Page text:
Field Theory:
 
Kurt Lewin
Theory that explains human behaviors in terms of one’s field of social influences called a life space.
Operational definitions
 
John Watson
 
Psychology should be focused on the elements of behavior that can be described objectively without using subjective or mentalistic terminology (introspection)
Instinctual drift:
 
Marian Breland Bailey
even with operant conditioning animals will eventually generate behaviors associated with their biological habits or tendencies
fads and fashions in science
viewpoints disappear simply because they become unpopular, which vary with the zeigest, not always because incorrect
Epicureanism
The belief that the best life is one of long-term pleasure resulting from moderation.
Eidola (singular, eidolon)
A tiny replication that some early Greek philosophers thought emanated from the surfaces of things in the environment, allowing the things to be perceived.
Obedience experiments:
People will follow the orders of a “legitimate” authority figure even when circumstances contradict a person’s own rational/emotional judgment.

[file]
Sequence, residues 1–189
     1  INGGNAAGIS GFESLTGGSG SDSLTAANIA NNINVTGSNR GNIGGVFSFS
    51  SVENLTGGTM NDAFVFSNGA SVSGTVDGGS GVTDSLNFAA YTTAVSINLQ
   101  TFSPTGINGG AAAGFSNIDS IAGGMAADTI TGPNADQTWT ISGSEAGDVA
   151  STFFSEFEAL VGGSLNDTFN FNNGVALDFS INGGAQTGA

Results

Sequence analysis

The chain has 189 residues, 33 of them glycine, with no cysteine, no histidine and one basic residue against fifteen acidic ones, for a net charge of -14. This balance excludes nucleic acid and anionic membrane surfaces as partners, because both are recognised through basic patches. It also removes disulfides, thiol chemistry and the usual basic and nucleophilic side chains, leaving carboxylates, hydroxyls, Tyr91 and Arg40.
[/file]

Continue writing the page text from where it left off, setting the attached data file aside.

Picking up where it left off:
Social loafing:
one member of the group slows down, forcing others to work harder on the group effort or project.
Situational attribution:
identify the cause of an action or event due to the situation or environment. (Joe stole money because his family is starving)
Deindividuation:
When in a large group or crowd, people are more likely to lose awareness of their own individuality.
In crowds, people tend to forget their own values, beliefs, and do not feel accountable for their actions, thus they are more likely to violate social norms.
method of constant stimuli
presents stimulus in random order of intensity
 
Levels of Analysis of Human Cognition, Emotion and Behavior
(David Marr)
Algorithm and computational level: